The norm requires a further element, which is the “individual character” present when the impression that a design or model gives to the informed user differs from the general impression which a design or model previously disclosed gives said user. To identify the informed user entails a judgement which must not be too rigorous and restrictive, since it is obvious that, for a person with an average knowledge of a particular field, even differences that are perhaps not significant can be sufficient to attribute individual character to a design or model.
To evaluate individual character, we must take into account the crowding which possibly exists in the specific field of the product. Therefore, where there is a crowded sector, the degree of difference needed depends on the limited possibility of significant variations, so that even a slight variation may be sufficient in order for novelty or individual character to be recognized. Clearly, in a crowded sector, the degree of difference in the product of a third competitor, put on the market after the application for registration has been filed, can be sufficient so as not to create interference with the registered design or model.
Having eliminated the requirement of the “special ornament” has reduced the level of originality required and made the system of designs and models able to be adopted by an ever-growing number of forms; this reduces the importance and use of protection by means of the veto given by the system of unfair competition through servile imitation.
The characteristics of the norm on designs or models are such as to facilitate and make uniform the judgement on the likelihood of their being confused, and hence of interference with the title thus obtained. This is in favour of those Companies which develop their own products, through study and research, and will penalize those Companies which live parasitically in the wake of the former.
The new norm has in practice reduced the field of protection laid down by Art. 2598 CC, so that servile imitation is now protected only when the imitation is really servile or slavish.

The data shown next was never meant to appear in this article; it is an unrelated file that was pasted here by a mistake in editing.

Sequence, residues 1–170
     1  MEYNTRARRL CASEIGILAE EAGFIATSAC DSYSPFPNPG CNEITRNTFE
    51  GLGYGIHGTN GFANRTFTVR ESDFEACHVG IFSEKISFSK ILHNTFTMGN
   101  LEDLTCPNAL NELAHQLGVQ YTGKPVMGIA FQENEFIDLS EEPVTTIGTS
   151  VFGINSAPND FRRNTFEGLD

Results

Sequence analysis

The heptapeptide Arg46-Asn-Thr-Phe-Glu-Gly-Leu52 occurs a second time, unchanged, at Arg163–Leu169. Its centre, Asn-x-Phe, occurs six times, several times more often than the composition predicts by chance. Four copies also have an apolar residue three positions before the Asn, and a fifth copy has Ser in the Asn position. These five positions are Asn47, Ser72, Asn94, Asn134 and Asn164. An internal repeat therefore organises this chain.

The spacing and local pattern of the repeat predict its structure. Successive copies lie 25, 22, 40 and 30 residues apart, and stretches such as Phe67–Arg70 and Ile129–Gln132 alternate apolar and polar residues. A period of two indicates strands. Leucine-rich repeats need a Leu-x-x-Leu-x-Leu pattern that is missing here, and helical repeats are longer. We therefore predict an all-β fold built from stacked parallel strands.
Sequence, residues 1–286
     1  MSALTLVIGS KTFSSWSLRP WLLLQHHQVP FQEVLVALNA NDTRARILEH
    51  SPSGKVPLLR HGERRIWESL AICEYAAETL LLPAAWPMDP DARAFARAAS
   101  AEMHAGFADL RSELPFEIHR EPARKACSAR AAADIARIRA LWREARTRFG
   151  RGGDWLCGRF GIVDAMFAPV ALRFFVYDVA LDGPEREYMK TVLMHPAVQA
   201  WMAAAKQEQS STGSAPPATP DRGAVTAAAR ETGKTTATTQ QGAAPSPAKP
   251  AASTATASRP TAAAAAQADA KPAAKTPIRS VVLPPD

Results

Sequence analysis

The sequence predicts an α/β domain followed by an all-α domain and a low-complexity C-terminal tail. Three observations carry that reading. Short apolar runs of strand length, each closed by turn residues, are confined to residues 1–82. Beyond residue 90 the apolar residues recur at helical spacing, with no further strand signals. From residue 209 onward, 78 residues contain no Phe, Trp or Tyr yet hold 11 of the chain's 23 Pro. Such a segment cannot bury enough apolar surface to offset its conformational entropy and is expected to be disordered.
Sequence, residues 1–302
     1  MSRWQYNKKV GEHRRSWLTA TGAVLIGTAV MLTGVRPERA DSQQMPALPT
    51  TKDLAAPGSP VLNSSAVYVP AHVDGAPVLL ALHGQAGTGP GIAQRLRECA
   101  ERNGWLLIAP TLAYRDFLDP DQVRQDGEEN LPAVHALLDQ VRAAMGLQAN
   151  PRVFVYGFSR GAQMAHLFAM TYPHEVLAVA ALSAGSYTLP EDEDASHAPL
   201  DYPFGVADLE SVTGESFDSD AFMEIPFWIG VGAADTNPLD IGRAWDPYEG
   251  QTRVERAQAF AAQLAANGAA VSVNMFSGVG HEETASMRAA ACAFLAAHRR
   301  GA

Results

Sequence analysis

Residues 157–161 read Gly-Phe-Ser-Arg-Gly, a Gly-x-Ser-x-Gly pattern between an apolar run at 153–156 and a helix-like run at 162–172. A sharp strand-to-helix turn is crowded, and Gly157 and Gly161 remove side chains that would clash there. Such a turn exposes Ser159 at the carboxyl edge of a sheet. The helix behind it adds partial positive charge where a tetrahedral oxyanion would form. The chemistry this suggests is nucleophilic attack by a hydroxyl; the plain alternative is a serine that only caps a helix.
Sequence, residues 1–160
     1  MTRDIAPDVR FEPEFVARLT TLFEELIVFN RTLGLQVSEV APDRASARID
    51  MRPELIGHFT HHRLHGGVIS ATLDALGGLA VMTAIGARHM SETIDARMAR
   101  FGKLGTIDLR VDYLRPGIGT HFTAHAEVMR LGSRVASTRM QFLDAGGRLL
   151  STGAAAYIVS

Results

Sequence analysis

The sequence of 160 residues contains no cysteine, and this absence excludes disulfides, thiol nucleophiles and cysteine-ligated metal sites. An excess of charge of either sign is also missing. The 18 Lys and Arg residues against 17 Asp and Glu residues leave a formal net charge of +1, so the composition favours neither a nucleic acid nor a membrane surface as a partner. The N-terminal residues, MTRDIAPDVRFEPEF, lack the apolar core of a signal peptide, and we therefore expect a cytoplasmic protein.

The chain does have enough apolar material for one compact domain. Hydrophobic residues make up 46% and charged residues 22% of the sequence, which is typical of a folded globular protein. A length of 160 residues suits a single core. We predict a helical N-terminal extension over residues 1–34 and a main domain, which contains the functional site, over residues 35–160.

The legislation has modified the text of article 2 of the Copyright Law and abrogated the disposition of the old Law on Models which forbade the accumulation of the protection of patent with the protection of copyright.
In article 1, the Copyright Law defines in general what works are protected; in article 2 it specifies them and in point 10 of article 2 it says:
“In particular including:
10) works of industrial design that in themselves have a creative character and an artistic value.”
Furthermore, together with the application to register a design or model, or in any case before it is granted, it is better to verify, in order to obtain protection of said design or model based on copyright, whether it is necessary to report it to the competent Office.
Models and designs last 5 years from the filing date, renewable several times for 5 years to a maximum of 25 years. Fees must be paid every 5 years in order to keep the right valid. With regard to the creation of models and designs by an employee, the same norms apply as those for patents of industrial invention. For registration and protection of rights, the same norms apply as those for inventions. With a single application to register a multiple model and design it is possible to protect an unlimited number of objects provided that they belong to the same category of products as identified in the appropriate international classification. The content of an application to register a model or design is public from the filing date; however, publication can be delayed up to 30 months. The application can be extended State by State and by the unified procedure of the International Design or the Community Design (restricted to the contracting States).